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Shrewsbury Youth and Family Services celebrates year of successes

By Bonnie Adams, Managing Editor

The Shrewsbury Youth and Family Services building located at 240 Maple Ave. (Photo/Bonnie Adams)

The Shrewsbury Youth and Family Services building located at 240 Maple Ave. (Photo/Bonnie Adams)

Shrewsbury – Local and state officials, as well as representatives of social services, religion institutions and businesses gathered at the Knights of Columbus Hall Oct. 31 for the annual Shrewsbury Youth and Family Services (SYFS) breakfast.

SYFS, located at 240 Maple Ave., is a private, nonprofit community counseling and social services agency that serves people of all ages who either live or work in the town of Shrewsbury. Terry Cassidy has been the organization’s executive director for just over a year. In that time, she told the audience at the breakfast, she has been impressed by the many people who have stepped up to help in times of challenges.

“You are ‘I am SYFS’,” she said, echoing the organization’s catch phrase that was used in a campaign this year. “There are so many community heroes.”

That partnership with other organizations, businesses and residents is necessary, she said, because of the need in the community. Based on the statistics that one in five people (20 percent) suffer from a mental disorder, 7,400 individuals in Shrewsbury fall into that category. Nearly 2,000 individuals in the town live below the federal poverty line, she said, which for a family of four means they have an income of less than $24,000 annually.

SYFS currently has seven licensed therapists, one clinical psychologist and 11 interns. The organization offers counseling of all types as well as helping clients get access to housing, fuel assistance and federal programs. Innovative programs with the public schools include a Grief and Loss Group, “Way to Go, Guys!” for middle school boys, ‘You Go, Girl!” for middle school girls, and T.R.A.I.L. Blazers for young adults.

“During the school year we help 72-100 people per week,” Cassidy said. “The ages range from 5 to 98.”

Last December the organization was really put to the test, she noted, when the state officially suddenly placed a number of homeless families from other parts of the state in the Days Inn on Route 9. The community rallied, she said, to help SYFS and St. Anne’s Human Services assist those families with food, clothing, medical care and other necessary services. And with the assistance of Fallon Community Health and UMass Memorial Children’s Medical Center, SYFS was able to ensure that 48 children had physical health screens and immunizations.

Tom Kennedy, a member of the Board of Directors, presented a financial overview of the organization. The operating budget for 2013-2014 was $331,018, he noted, with 70 percent going to salaries. The majority of its funding (58 percent) comes from fundraisers, with two of the biggest the annual Gala and the annual Golf Classic run by State Rep. Matt Beaton (R-Shrewsbury). And although SYFS is a private organization, the town contributes 22 percent to the annual budget.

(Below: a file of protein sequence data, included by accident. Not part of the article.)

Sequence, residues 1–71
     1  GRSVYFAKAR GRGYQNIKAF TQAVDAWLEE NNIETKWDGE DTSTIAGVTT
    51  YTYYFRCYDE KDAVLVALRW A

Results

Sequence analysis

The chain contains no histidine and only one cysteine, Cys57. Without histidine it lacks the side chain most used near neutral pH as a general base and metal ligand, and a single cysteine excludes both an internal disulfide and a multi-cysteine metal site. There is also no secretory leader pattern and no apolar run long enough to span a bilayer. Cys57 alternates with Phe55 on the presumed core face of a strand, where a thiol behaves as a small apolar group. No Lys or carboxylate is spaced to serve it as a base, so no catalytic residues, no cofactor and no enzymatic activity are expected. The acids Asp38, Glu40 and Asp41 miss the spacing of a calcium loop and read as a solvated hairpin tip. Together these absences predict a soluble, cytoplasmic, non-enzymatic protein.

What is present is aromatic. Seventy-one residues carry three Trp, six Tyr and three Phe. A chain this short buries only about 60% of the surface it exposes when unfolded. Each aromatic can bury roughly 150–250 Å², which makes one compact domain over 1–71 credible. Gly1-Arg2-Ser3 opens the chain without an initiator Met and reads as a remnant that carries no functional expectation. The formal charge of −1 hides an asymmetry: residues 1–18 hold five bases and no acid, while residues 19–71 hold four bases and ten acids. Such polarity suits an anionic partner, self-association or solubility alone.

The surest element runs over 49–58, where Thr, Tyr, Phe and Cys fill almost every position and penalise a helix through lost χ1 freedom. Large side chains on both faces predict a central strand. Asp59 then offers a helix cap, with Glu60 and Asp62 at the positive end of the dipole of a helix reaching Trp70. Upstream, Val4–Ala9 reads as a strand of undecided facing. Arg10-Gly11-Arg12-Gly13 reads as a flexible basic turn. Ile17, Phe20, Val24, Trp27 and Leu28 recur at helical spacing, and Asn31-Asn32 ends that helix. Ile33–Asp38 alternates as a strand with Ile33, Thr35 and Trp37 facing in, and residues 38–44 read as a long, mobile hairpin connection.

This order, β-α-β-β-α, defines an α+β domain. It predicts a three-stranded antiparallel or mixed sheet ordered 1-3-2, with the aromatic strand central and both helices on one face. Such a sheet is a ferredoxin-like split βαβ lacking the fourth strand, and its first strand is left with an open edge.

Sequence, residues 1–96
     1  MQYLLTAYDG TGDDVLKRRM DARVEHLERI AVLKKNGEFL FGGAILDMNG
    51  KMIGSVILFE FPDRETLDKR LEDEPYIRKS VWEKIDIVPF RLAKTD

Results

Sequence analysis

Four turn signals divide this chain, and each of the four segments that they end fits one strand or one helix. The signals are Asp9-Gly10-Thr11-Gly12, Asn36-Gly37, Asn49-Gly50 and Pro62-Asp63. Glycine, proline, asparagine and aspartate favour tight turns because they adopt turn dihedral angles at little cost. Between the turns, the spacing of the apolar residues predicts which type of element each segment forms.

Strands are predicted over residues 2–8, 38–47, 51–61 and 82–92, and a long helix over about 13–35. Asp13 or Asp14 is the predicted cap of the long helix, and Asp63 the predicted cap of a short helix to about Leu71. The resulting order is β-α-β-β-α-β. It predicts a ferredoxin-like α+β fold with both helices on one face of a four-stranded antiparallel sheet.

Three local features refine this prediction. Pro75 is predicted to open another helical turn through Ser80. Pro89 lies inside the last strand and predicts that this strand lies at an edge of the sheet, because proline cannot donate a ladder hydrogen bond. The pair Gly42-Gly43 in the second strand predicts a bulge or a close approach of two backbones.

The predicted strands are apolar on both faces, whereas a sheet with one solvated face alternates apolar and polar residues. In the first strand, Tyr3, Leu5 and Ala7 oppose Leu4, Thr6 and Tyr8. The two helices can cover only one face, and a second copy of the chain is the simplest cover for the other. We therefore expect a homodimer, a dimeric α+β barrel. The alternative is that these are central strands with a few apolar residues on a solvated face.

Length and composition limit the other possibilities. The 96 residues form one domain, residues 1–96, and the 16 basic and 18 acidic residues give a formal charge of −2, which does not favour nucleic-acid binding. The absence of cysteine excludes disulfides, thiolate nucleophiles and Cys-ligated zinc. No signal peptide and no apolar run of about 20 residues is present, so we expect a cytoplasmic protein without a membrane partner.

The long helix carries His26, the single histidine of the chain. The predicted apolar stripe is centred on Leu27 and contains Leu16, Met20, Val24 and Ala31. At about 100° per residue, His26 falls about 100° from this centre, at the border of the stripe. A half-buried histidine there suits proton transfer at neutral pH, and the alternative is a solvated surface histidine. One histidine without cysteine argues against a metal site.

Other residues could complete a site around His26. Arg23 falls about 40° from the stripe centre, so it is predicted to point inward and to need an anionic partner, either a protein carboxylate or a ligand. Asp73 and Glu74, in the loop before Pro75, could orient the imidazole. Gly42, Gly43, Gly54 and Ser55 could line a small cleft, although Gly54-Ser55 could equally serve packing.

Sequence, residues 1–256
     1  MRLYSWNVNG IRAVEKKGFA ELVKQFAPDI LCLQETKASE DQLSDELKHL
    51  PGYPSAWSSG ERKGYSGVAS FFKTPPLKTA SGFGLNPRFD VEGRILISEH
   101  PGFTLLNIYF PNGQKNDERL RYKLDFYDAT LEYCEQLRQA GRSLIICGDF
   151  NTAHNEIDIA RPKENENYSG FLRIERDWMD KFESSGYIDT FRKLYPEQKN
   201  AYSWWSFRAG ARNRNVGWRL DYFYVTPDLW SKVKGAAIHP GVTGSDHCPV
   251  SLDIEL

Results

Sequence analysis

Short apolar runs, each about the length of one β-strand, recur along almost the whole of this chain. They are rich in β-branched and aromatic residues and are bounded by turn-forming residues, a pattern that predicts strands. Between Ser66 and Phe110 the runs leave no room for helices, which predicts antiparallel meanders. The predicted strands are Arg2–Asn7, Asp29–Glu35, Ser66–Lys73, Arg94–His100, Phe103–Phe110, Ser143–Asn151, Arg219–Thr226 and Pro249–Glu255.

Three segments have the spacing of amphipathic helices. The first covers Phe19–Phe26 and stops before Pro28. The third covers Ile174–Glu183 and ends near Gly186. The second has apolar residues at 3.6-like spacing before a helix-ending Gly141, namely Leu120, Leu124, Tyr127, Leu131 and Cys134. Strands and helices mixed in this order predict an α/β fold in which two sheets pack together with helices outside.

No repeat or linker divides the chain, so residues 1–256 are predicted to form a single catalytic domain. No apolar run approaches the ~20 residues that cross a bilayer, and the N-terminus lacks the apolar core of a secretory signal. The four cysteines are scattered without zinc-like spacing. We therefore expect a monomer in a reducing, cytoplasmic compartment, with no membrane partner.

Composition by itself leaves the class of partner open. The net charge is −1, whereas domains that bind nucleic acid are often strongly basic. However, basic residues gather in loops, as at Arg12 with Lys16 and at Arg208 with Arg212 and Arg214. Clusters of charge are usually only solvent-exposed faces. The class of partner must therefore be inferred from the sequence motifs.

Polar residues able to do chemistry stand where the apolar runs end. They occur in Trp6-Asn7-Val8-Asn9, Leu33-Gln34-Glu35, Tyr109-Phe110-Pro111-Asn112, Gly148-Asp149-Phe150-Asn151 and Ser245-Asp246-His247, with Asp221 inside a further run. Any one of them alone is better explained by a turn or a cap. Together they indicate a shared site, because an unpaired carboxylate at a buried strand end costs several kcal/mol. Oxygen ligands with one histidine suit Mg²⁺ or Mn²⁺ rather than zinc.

As the agency moves forward, it is striving to become a “self-sustaining comprehensive behavioral health center meeting the needs of the community,” Kennedy said. As such, the board hopes to obtain a mental health clinic license, hire a medical director, be able to reimburse second-year graduate interns and be reimbursed for Mass. Health referrals.

Currently, the agency cannot accept Mass. Health because its facility is not compliant with American with Disabilities (ADA) laws.

“Our facility is our greatest barrier,” Cassidy said. “Not only is it non-ADA compliant, we do not have enough counseling rooms so we have to do a juggling act. In the summer, sometimes we use the picnic tables outside!”

The agency now has a facility subcommittee that is assessing the needs and that will make recommendations regarding purchasing, renting or leasing another property.

Town Manager Daniel Morgado also addressed the audience, providing an update on the town’s overall economic status.

“We’ve had an amazing year,” he said, noting the successful debt exclusion vote for the library expansion project and operational override vote that was approved in June.

In spite of that, the town will still face a number of challenges, he said, including working with developers on potential Chapter 40B (affordable housing) projects, looming storm water management regulations and retiree pensions.

SYFS also presented the annual Michael Gregory award to David Long, chair of the Board of Directors. Long’s wife Kim, accepted the award on his behalf. The award is presented annually to a supporter who has “given extraordinary effort and support.” Long has been on the board for seven years and chair since 2010.

For more information, visit www.syfs-ma.org.

Short URL: http://www.communityadvocate.com/?p=56226

Posted by on Nov 14 2014. Filed under Byline Stories, Shrewsbury. You can follow any responses to this entry through the RSS 2.0. You can leave a response or trackback to this entry

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